To put this in perspective, the largest terrorism-financing trial in U.S. history was the prosecution of the Holy Land Foundation. It was registered as a charity, so it had much more oversight than a “church” like Muslims of the First State would. Even with that oversight and open-source reporting about the Holy Land Foundation’s links to Hamas, it operated from 1990 until its assets were frozen in 2001 and its leadership convicted in 2009.

If it is that difficult to prosecute a well-known Islamist charity, then prosecuting a covert MOA “church” is exponentially more difficult.

By dissolving Muslims of the First State in 2003 and not alerting the IRS, it was able to hide its existence while maintaining the benefits of having a “church,” which can include still having an Employer Identification Number so operatives can set up tax-exempt bank accounts around the country that don’t need to be reported to the IRS.

Notably, one part of the mission stated on the front’s original incorporation papers is that its purpose was “to solicit, receive and administer funds, grants and property…”

Garfield did not report the dissolution of the front to the IRS after Mawyer told him about it. It was not done until Mawyer gave a firm deadline, the passing of which would trigger his filing of a formal complaint to the IRS.[4]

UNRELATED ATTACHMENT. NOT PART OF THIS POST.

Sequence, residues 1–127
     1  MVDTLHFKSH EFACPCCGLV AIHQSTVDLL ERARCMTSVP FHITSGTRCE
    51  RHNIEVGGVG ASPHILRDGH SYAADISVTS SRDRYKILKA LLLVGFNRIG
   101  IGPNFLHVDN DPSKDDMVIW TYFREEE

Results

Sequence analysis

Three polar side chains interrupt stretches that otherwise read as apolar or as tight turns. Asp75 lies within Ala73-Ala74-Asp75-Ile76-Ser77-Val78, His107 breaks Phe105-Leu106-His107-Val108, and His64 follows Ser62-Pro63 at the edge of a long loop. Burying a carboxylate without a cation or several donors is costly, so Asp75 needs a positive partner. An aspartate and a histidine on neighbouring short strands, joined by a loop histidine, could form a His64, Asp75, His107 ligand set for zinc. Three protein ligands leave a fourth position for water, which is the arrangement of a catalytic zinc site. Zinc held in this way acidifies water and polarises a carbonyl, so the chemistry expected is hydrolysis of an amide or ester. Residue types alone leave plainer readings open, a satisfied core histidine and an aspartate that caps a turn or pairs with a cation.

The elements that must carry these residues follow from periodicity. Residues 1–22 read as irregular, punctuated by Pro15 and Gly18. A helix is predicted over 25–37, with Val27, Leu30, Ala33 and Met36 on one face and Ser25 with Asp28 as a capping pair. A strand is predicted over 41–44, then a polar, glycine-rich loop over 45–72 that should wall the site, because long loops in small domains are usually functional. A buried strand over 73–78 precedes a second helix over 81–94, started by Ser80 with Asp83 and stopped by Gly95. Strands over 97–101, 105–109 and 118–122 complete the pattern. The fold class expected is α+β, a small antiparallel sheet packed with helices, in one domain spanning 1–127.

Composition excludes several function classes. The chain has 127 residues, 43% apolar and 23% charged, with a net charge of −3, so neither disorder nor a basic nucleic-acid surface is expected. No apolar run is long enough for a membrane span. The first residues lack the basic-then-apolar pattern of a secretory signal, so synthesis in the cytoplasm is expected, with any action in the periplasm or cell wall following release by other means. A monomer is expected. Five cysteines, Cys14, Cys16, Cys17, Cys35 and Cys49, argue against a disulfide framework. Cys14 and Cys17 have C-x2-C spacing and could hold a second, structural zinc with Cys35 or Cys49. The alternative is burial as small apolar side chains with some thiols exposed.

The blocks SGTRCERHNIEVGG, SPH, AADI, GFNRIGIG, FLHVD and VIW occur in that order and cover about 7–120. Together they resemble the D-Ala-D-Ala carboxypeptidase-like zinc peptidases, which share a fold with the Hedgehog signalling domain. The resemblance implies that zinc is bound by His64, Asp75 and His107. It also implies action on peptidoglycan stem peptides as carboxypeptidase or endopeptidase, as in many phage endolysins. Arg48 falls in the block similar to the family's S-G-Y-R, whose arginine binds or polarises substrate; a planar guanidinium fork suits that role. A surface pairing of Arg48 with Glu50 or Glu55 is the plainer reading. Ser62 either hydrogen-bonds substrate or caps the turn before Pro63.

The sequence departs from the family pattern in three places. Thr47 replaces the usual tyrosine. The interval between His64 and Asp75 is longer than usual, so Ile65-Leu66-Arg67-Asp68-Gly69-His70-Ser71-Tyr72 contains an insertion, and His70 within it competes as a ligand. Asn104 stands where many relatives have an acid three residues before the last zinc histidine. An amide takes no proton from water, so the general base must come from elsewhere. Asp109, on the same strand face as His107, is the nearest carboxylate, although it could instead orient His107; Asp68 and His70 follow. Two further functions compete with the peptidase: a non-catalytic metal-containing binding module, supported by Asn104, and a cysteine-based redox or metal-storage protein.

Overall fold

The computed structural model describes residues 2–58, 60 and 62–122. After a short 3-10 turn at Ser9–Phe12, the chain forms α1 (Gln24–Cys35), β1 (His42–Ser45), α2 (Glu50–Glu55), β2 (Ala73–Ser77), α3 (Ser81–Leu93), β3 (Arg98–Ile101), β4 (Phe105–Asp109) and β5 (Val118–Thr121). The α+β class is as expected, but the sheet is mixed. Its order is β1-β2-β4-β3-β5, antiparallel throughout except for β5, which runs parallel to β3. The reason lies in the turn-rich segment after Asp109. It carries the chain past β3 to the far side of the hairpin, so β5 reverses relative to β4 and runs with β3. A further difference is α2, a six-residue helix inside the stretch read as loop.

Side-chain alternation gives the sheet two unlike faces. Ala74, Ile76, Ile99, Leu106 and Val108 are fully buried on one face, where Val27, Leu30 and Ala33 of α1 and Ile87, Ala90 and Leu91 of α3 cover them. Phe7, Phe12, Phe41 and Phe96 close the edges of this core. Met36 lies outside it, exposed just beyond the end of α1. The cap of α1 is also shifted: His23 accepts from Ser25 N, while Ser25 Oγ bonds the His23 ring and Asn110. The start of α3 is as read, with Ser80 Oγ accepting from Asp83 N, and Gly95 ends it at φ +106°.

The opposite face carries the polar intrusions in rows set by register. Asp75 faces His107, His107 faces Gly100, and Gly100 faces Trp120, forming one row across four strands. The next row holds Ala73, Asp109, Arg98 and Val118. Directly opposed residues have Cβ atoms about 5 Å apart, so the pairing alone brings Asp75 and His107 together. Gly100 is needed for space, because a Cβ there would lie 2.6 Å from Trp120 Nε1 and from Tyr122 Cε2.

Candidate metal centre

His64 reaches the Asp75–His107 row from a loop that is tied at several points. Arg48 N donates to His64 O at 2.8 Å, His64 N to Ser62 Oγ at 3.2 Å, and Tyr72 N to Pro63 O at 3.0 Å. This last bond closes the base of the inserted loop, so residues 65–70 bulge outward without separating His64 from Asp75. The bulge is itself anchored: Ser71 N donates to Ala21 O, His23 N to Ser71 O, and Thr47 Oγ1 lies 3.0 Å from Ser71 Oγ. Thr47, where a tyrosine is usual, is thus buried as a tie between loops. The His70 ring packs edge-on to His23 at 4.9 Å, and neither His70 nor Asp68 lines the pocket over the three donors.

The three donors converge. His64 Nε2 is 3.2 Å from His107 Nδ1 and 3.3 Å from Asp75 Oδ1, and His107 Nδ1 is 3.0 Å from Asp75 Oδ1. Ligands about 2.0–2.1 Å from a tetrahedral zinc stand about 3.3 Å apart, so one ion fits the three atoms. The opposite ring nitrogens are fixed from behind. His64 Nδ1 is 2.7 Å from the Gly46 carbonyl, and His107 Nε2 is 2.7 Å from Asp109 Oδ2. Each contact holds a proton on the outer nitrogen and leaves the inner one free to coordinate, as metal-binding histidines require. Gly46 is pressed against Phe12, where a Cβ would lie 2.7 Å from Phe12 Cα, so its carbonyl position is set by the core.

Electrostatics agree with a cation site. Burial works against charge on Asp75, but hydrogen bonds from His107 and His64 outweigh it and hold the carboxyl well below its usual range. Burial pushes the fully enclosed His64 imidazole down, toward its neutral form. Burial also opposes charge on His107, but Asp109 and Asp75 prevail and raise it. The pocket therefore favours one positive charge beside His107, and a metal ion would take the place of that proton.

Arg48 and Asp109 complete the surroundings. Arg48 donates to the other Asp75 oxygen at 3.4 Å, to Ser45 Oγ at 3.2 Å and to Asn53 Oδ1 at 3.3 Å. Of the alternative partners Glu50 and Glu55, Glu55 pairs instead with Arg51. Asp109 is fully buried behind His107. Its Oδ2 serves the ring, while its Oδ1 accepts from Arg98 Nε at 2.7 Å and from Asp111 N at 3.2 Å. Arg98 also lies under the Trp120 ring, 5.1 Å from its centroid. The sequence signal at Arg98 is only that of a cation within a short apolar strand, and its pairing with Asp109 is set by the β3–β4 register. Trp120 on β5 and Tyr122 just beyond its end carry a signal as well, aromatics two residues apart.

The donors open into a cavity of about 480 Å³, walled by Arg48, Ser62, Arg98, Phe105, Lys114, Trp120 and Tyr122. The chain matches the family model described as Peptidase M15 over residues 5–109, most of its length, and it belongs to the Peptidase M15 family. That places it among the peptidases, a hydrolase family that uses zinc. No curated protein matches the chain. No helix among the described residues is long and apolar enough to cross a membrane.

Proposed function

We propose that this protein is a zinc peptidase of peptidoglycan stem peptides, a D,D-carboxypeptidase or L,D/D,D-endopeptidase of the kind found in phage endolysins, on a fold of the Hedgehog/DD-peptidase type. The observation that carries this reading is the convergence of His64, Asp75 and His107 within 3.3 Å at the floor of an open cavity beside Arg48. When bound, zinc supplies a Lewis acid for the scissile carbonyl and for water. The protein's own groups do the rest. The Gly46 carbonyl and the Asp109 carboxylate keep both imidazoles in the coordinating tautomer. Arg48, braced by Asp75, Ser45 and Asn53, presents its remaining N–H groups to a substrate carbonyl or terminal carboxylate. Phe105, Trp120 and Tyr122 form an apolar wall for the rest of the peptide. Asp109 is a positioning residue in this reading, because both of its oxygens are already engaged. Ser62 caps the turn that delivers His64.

In a very similar incident, the leader of a “church” registered to the property of MOA’s “Islamberg” headquarters (named Ikhwanul Muslimun, meaning Muslim Brotherhood) told Ryan Mauro of the Clarion Project in 2012 that he stopped activity with the “church” decades ago and did not know that it still existed. Sheikh Gilani and MOA later claimed that the “charity” was part of an operation by enemy infiltrators to carry out criminal activity in order to damage the group.

2004 DEA Investigation

Declassified DEA documents from October 2004, obtained by Ryan Mauro of the Clarion Project, show that the DEA was investigating drug trafficking by MOA between Dover, Delaware and Red House, Virginia, using a transportation company as a front.

According to the files, law enforcement in Dover had “linked several Muslims to a Mexican cocaine trafficking group. [Redacted] a member of the MUSLIMS OF AMERICA. Investigation by the Dover POD has shown that [redacted] is associated with 4 U Transportation, a company suspected of transporting cocaine based in Dover, DE. Previous investigation shows that members of the MUSLIMS OF AMERICA (MOA) have been observed near Red House, VA in vehicles registered to 4 U TRANSPORTATION. [Redacted] is an associate of MOA members.”

The suspect of concern was identified by the FBI, DEA and ATF “as having a leadership role within the MOA.”


[1]MOA Da’wah Center Directory,” n.d. Al-Adaab.org. Accessed August 11, 2016.

[2] “Memorandum: Fuqra.” (2001). Colorado Department of Corrections.

[3] Mawyer, Martin. Twilight in America. (2011).

[4] Id.

in Activities By State